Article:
A group of Japanese shareholders have filed a lawsuit against disgraced Olympus, demanding $2.9 million for investment losses after a huge accounting scandal depressed the firm's shares.
The 220-million-yen claim was filed Tuesday with the Osaka District Court in western Japan by 38 former and current shareholders, including an institutional investor, their lawyer said in a statement.
It is the first damages case against the camera and endoscope maker in connection with the scandal, according to Masaro Kato, who heads the plaintiffs' legal team.
The shareholders in the case bought Olympus stock before November 7, 2011, prior to the firms' admission it had hidden investment losses, allegations that were first aired by ousted chief executive Michael Woodford in October.
Following his sacking, Woodford launched aggressive international media offensives against his former bosses, questioning the firm's past acquisition deals and the outsized consultant fees it had paid.
His efforts eventually pushed Olympus to admit that a small group of top executives used the overpriced deals to cover up $1.7 billion in losses stemming from bad investments dating back to the 1990s.
But the Briton did not win the backing of Japanese institutional investors and gave up his push to lead the company by ousting the board that sacked him.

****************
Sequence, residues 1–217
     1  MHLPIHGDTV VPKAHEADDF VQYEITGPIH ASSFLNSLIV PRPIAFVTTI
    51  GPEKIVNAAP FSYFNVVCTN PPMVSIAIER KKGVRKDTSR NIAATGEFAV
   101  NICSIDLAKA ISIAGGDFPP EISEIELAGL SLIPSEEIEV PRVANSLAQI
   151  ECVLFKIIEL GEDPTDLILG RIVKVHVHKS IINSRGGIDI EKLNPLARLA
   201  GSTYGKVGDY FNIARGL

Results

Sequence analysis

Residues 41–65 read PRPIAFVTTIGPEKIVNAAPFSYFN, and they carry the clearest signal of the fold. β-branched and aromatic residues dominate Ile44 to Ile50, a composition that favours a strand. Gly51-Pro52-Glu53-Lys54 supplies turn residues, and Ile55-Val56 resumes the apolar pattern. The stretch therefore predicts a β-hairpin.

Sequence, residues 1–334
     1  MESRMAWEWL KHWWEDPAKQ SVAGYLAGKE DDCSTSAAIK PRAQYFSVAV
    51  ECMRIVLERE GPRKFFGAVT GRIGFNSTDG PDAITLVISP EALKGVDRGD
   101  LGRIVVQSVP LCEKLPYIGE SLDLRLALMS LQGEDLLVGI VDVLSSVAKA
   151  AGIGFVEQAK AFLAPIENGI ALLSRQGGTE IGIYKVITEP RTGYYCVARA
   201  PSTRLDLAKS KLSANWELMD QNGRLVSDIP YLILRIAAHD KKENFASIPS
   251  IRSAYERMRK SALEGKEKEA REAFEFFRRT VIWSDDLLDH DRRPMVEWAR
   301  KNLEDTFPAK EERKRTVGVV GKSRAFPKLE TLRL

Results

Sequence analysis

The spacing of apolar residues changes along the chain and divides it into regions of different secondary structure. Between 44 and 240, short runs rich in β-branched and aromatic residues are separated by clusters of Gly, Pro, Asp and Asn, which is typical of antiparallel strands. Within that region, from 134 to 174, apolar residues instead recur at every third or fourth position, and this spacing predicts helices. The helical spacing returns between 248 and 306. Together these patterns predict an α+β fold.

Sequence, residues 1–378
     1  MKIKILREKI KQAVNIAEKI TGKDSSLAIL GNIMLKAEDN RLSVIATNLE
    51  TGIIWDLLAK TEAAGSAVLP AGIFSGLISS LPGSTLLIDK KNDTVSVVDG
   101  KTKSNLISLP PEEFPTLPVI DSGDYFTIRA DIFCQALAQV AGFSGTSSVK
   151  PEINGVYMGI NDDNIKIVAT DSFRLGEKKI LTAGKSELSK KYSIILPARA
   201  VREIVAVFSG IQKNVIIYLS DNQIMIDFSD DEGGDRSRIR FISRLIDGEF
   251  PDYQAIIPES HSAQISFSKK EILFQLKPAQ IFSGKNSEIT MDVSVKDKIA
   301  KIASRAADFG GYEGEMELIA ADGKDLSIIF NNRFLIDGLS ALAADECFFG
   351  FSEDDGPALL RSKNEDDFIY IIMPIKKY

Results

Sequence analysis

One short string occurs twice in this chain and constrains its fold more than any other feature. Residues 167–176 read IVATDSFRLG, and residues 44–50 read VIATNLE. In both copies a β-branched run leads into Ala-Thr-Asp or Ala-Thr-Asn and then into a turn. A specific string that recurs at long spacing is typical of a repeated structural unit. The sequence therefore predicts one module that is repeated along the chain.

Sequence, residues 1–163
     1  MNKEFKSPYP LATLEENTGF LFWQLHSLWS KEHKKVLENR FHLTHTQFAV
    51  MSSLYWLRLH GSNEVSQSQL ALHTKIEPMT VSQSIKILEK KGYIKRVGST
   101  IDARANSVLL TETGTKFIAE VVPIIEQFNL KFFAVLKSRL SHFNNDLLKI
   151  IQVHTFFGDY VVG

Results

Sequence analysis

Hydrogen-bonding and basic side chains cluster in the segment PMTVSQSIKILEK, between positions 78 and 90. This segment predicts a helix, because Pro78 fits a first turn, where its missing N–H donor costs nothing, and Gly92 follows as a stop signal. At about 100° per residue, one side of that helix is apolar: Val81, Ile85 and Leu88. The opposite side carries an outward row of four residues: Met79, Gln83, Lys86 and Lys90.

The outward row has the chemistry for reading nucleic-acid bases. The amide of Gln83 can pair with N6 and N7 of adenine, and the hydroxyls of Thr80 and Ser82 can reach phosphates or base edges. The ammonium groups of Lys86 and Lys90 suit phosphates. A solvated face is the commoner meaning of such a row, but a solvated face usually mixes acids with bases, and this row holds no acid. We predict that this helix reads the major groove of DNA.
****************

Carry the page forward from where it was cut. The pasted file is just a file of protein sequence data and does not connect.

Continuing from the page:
Olympus shares closed at 2,482 on October 13, the day before it said it demoted Woodford, the firm's first non-Japanese president, just six months after appointing him and only two weeks after also naming him chief executive.
They closed at 1,034 yen on November 7, before Olympus reversed its earlier denial of Woodford's allegations and admitted that it had hidden losses.
After having plunged to the all-time low of 424 yen on November 11, Olympus closed at 1,288 yen on Tuesday.
The legal team was preparing another set of lawsuits against executives and auditors who were responsible for, or failed to detect, the misdeeds.
Last week, a single Japanese shareholder sued 14 Olympus board members, demanding that they pay the company 1.34 billion yen for costs resulting from Woodford's sacking.
Olympus itself has launched legal action against 19 top current and former executives, including six present board members, among them president Shuichi Takayama, after an independent panel found them responsible for the cover-up.
An Olympus spokeswoman declined to comment on the latest lawsuit, saying the company had yet to review it.